Giacomo Puccini’s opera Madame Butterfly has enjoyed tremendous popularity in Europe and America since its debut in 1904. It has also inspired a global-level debate about whether the tragic heroine of the opera, Cho-Cho-san, was based on a real-life model.
Starcrossed looks at this controversy and presents compelling evidence that, in fact, there was no real life Cho-Cho-san. Nonetheless, the author demonstrates that, despite the cultural disparities evoked by the opera and the clash of values embodied in it, there lie buried in the history of Nagasaki many untold tales of true international romance and cooperation.
Nagasaki, the setting for the opera, holds many of the answers to the international identity debate, however, the city has remained virtually silent in the matter, in large part, argues Burke-Gaffney, because the story of Madame Butterfly is locally viewed as a Western romance with values alien to many Japanese.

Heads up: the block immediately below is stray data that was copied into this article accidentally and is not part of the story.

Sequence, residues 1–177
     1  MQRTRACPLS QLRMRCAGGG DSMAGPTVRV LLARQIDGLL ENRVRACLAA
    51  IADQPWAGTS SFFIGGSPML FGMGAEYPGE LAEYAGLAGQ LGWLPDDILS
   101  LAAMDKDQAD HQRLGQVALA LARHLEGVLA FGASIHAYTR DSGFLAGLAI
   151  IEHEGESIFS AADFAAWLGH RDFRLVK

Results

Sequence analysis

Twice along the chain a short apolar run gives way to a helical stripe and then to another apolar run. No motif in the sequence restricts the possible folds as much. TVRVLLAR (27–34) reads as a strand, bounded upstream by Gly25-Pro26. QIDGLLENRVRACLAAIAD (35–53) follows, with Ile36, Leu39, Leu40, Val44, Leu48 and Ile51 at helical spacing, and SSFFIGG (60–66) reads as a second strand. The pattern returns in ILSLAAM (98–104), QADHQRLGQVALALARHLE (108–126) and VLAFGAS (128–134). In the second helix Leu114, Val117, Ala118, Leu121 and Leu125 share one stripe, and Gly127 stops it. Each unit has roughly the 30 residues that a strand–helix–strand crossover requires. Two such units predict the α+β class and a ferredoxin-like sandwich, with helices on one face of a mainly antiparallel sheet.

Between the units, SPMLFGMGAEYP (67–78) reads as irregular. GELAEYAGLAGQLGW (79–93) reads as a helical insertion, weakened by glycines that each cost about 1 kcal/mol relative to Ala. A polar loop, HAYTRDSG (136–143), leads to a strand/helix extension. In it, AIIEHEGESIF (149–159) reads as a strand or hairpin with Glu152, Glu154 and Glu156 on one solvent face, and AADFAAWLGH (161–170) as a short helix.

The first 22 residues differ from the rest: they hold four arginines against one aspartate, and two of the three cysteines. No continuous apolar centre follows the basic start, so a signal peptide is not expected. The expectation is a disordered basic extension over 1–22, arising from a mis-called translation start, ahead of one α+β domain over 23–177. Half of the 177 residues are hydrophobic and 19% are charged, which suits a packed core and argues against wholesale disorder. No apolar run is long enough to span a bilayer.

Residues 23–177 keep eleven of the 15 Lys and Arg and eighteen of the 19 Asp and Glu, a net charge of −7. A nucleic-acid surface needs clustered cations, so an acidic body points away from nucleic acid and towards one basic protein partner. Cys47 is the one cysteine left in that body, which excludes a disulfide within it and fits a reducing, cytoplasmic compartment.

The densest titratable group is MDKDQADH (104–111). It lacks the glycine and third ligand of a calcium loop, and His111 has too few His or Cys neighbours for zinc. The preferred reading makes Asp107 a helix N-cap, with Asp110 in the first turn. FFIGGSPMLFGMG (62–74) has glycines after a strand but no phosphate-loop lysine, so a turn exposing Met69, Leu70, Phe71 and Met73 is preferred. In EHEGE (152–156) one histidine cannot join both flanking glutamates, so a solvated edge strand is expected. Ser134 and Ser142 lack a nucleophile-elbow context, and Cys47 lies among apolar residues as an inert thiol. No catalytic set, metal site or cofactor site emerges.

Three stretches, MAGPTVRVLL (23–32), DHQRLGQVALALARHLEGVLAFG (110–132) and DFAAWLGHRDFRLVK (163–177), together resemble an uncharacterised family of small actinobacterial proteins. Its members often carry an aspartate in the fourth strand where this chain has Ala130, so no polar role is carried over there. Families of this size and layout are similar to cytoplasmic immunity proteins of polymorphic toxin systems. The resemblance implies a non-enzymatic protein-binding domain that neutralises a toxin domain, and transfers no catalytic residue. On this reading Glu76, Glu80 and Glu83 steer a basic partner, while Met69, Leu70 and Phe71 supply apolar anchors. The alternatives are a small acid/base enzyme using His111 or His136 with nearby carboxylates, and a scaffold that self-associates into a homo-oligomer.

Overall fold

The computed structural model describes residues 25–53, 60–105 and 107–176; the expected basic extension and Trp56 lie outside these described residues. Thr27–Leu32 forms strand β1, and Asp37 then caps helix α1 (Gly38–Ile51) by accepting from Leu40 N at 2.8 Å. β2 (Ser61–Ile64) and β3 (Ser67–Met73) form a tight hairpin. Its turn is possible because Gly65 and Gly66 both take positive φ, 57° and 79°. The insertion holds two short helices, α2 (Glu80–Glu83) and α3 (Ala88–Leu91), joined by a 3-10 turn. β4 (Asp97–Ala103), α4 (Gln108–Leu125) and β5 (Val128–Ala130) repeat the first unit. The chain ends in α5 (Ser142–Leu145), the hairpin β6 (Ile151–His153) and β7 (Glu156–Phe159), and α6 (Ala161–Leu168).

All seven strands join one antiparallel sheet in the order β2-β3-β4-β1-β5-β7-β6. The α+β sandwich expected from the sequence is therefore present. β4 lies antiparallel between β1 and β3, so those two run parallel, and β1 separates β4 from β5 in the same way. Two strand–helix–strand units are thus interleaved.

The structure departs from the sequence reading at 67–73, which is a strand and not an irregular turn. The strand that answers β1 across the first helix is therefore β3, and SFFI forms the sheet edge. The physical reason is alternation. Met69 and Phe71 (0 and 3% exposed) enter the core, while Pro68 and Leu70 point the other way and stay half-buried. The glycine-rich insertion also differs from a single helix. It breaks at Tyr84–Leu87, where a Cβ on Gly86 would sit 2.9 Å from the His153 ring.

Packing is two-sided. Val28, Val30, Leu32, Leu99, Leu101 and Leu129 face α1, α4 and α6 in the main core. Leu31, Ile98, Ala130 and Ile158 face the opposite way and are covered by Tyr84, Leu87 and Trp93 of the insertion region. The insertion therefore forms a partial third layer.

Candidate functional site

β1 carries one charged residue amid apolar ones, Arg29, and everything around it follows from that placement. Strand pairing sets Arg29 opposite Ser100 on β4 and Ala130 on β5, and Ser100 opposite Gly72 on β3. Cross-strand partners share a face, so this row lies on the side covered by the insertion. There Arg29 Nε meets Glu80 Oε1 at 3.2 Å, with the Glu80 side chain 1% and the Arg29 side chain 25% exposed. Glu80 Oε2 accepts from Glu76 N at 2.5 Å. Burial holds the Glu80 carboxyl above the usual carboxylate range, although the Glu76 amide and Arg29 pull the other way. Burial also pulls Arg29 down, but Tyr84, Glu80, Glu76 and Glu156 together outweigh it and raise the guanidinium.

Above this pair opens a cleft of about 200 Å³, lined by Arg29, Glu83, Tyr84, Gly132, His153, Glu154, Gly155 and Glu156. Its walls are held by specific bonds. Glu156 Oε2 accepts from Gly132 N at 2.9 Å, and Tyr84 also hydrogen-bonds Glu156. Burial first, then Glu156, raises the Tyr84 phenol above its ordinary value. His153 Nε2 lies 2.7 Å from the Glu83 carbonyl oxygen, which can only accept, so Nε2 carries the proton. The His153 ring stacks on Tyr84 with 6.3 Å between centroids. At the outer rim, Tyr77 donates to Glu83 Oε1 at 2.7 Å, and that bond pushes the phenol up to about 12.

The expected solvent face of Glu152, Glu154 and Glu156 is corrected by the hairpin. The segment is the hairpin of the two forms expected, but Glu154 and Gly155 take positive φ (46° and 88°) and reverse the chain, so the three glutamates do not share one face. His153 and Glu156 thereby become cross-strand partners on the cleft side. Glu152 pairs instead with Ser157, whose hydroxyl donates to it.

Penetrating beyond consideration of Madame Butterfly as a work of art, Starcrossed explores the literature from which the opera springs, including a wide variety of primary sources in both Japanese and Western languages. Drawing on these insights, Burke-Gaffney presents the opera as a window on Japan’s changing relationship with Europe and America from the seventeenth century through the post World War II occupation.
Finally, Starcrossed looks at the sites in Nagasaki which were related to the development of Madame Butterfly and presents an engaging display of illustrations and photographs from the past hundred years.